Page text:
A whole generation fondly remembers Total Request Live. For about a decade TRL came on right at the end of the school day (and toward the end of the work day), and showcased the most popular songs and music videos. The studio overlooking Times Square was iconic, the hosts, from La La Vasquez to Carson Daly, became famous, and the atmosphere was always fun. But the show shut down in 2008 and still seems like something firmly rooted in the late-‘90s and early-‘00s. Until now, that is. News has recently come out that MTV plans to bring TRL back, potentially quite soon.
It’s a bold step meant as part of a larger effort to combat slipping ratings at MTV, and it’s almost directly antithetical to the musical culture that has developed in the nine years since TRL’s last broadcast. Back then, we turned to MTV in the late afternoon to enjoy the day’s most popular tunes as chosen by the voting masses. Now, we go our own ways to sink ourselves into the music we already like.
For the most part, this is because of how we access music. As of the spring of 2016, streaming had surpassed downloading as the most popular form of music consumption in the U.S. And along with streaming comes the ability to try out new music and field suggestions from various apps and programs. Years ago, we still had to tune into the radio, or in some cases MTV, to get a feel for what was new and popular. We could then seek it out, download it, or go buy a CD. In other words we used to have to go to popular music, and now it comes to us.
We’ve also seen a diversification of popular genres thanks in large part to some creative efforts by musicians to get into new media. The most noteworthy example may just be classic rock’s modest but noticeable revival through online gaming channels. Dozens of prominent casino sites have taken to designing all kinds of different experiences, and there are games based on pop culture including tributes to the likes of Jimi Hendrix and Guns N’ Roses, among others. Developments like this have helped some older bands to return to the mainstream, giving people more variety. In the days of TRL, we were mostly subjected to whichever genres were most popular at the time.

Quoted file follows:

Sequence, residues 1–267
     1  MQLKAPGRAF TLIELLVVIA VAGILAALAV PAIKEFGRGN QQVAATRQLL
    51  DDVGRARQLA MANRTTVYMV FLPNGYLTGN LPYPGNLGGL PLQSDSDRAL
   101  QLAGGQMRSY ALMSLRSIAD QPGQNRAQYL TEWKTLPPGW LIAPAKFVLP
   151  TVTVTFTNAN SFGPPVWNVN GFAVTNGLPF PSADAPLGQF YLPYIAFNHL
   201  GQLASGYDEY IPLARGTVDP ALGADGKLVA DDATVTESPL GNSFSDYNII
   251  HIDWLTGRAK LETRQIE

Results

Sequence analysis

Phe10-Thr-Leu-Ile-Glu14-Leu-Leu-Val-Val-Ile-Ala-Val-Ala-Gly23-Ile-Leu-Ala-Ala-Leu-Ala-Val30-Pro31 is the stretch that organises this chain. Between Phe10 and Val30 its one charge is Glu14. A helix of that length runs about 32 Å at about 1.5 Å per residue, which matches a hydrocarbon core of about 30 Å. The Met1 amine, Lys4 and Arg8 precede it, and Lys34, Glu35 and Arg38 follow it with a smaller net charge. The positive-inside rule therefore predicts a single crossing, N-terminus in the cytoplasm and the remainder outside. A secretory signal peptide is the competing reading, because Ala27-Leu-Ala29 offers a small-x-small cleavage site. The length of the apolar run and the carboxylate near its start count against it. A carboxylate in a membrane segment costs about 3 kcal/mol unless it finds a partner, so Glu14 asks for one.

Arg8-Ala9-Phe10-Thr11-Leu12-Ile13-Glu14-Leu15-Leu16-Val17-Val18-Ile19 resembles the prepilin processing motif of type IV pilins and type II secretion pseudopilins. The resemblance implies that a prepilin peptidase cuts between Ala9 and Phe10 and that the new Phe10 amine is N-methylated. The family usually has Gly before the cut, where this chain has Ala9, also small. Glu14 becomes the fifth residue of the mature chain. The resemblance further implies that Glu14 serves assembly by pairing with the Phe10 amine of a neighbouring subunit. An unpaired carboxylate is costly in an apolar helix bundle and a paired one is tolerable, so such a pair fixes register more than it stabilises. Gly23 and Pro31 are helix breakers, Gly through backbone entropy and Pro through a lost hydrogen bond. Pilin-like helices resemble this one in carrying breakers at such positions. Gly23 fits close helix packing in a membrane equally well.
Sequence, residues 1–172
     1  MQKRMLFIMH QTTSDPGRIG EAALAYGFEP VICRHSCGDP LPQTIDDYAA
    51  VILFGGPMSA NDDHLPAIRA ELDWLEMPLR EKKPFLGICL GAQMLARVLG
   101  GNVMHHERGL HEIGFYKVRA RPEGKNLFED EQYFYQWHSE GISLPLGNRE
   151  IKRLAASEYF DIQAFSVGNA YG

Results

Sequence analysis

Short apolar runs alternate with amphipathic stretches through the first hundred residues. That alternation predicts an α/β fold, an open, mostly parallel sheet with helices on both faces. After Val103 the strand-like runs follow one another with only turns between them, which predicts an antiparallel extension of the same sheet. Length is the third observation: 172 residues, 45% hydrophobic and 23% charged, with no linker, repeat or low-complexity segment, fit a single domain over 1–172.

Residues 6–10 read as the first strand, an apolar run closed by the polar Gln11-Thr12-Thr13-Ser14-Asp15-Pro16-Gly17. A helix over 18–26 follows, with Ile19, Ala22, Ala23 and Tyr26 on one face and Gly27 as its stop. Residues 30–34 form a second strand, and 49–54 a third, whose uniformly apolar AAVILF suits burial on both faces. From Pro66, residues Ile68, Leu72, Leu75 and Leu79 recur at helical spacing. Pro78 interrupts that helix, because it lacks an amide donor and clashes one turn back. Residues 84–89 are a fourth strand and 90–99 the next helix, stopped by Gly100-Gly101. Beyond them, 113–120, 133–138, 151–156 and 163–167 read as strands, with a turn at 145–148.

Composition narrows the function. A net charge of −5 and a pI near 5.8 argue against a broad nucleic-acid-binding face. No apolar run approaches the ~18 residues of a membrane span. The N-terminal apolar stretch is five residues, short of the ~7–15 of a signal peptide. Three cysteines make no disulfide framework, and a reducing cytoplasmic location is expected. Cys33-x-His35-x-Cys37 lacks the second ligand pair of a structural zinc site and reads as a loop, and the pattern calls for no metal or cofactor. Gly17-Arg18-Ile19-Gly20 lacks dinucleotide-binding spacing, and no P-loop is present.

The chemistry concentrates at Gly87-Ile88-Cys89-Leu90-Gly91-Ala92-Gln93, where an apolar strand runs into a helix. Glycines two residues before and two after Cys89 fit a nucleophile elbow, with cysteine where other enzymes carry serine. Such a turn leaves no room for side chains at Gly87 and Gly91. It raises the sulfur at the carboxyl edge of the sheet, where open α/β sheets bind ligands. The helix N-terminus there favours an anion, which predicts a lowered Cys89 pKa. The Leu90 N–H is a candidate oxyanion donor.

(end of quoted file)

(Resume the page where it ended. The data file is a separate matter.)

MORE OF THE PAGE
Despite these changes MTV appears to be betting on nostalgia and familiarity as driving forces supporting the revival. It might not be a bad bet. The network has already booted up some shows that are similar to ones that aired during the late-‘90s/early-‘00s heyday. MTV has also already clarified that the reboot will take place in the same studio overlooking Times Square, which should mean that live, on-set enthusiasm will be a given. In the end, the success of the show will probably ride on two things. Those are whether or not artists start to focus more on creative music videos once again, and whether or not the new hosts will successfully engage audiences.
We can’t speak to the music video issue. Artists haven’t stopped making videos by any means, but it’s probably fair to say there’s less emphasis on making them stand out than there was 10 or 20 years ago. There’s no telling if that trend will reverse or not. But we do know who the new hosts will be, and somewhat bafflingly there are five of them.
Amy Pham is a DJ and actress. Lawrence Jackson is a jack-of-all-trades in entertainment but has had his work featured at popular networks. DC Young Fly is a rapper and actor who’s appeared in MTV and BET and has a massive Instagram following. Erik Zachary is an iHeartMedia radio host. And Tamara Dhia is a pop culture writer and reporter. The five hosts are expected to rotate, which is an interesting strategy. It could just be a ploy for MTV to discover who fans respond to best, like a sort of live audition. Or they could be going for a different look without the dominant personality like Daly or Vasquez at the center of the show.
This is a strange and unexpected idea. But it’s hard not to be a little curious or excited about how it’s going to turn out. We’ll have to wait and see when the show comes back this October.